–SPN believes in fighting fraud with information. Too many fraudsters, not enough time and insufficient enforcement.
Vancouver Police are warning the public about a surge in cryptocurrency scams after local victims lost close to $2 million over a one-week period alone.
“Investigators believe this crime is underreported as victims often feel shame or embarrassment, making them reluctant to come forward to police,” says Constable Tania Visintin, VPD.
A cryptocurrency is a digital or virtual currency, like Bitcoin, that is essentially an online version of cash. Cryptocurrency frauds are very difficult to investigate and the chances of locating and identifying a suspect are low, as suspects are often based overseas and mask their identity through sophisticated, untraceable VPN’s.
“Predators will often exploit two powerful human emotions – greed and love,” adds Constable Visintin. “Victims are typically lured in with the idea that they will be a part of an opportunity to make money or in other cases, they will be doing a friend or romantic interest a favour.”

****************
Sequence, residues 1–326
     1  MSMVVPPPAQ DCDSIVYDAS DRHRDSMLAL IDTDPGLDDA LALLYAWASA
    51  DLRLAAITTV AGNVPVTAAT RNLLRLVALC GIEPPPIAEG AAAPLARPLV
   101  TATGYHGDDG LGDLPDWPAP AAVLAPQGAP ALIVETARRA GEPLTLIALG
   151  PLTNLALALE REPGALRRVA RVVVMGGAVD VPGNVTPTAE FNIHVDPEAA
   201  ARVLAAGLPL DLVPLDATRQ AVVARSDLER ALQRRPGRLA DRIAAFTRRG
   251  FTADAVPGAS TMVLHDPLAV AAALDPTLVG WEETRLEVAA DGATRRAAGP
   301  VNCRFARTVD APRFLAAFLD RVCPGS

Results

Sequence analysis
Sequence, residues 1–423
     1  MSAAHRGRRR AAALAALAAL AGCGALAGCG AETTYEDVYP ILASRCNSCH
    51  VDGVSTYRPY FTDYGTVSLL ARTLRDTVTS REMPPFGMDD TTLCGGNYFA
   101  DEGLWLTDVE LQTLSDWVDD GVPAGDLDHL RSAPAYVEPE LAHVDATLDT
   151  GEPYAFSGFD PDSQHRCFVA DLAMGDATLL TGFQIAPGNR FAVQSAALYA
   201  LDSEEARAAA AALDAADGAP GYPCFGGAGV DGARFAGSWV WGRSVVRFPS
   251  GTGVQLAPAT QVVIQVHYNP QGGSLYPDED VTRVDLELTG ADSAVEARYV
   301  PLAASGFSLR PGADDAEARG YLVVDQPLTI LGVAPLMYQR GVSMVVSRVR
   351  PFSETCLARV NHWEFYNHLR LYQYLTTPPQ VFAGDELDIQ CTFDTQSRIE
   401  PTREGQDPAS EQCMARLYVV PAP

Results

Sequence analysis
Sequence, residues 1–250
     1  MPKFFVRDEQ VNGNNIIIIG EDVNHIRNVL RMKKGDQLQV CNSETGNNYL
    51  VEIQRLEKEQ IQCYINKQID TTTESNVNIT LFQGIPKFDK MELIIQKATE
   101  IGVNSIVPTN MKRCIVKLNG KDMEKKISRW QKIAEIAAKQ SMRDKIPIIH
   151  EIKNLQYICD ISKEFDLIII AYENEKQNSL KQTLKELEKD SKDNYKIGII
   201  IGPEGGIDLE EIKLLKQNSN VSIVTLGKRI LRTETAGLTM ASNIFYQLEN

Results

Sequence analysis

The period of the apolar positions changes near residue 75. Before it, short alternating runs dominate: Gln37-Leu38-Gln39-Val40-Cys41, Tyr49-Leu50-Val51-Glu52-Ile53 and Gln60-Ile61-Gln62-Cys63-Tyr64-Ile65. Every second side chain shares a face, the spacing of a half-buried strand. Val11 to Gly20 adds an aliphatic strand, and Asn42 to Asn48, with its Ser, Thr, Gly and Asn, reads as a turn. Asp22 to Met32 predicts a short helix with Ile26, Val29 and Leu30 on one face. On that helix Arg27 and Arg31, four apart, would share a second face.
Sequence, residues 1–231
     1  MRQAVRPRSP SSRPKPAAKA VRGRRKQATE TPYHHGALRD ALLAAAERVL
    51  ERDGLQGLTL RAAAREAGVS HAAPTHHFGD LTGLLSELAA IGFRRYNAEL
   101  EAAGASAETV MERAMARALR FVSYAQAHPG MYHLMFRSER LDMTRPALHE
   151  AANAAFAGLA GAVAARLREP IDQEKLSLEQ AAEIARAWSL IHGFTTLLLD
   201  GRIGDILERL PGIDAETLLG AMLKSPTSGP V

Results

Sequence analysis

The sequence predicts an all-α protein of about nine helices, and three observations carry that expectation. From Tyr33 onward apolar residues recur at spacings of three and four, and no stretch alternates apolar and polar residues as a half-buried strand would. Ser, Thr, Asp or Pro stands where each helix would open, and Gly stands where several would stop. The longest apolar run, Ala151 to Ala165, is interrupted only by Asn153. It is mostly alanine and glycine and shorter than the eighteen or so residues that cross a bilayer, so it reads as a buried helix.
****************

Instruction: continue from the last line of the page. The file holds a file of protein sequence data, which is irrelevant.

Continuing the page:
Investigators from the VPD’s Financial Crime Unit have noticed there are two similar scenarios that have been reported recently with more frequency.
- The victim is approached through a social media channel or a dating site. The victim is groomed over a period of time and there is a romantic interest indicated by the suspect. The suspect convinces the victim to invest in cryptocurrency and provides excuses as to why they cannot meet in person. The victim ends up investing in a fake cryptocurrency company and loses all of their money.
- A victim is approached through a social media channel. The victim is groomed over a period of time and a friendship is formed. A cryptocurrency investment is proposed through a fake cryptocurrency company. The victim invests their money and sees returns which are fabricated. When the victim tries to withdraw their money, they are unable to do so and communication with the suspect ends.
Police are reminding everyone who may be suspicious about personal money transfers to someone they met online to call their local police department.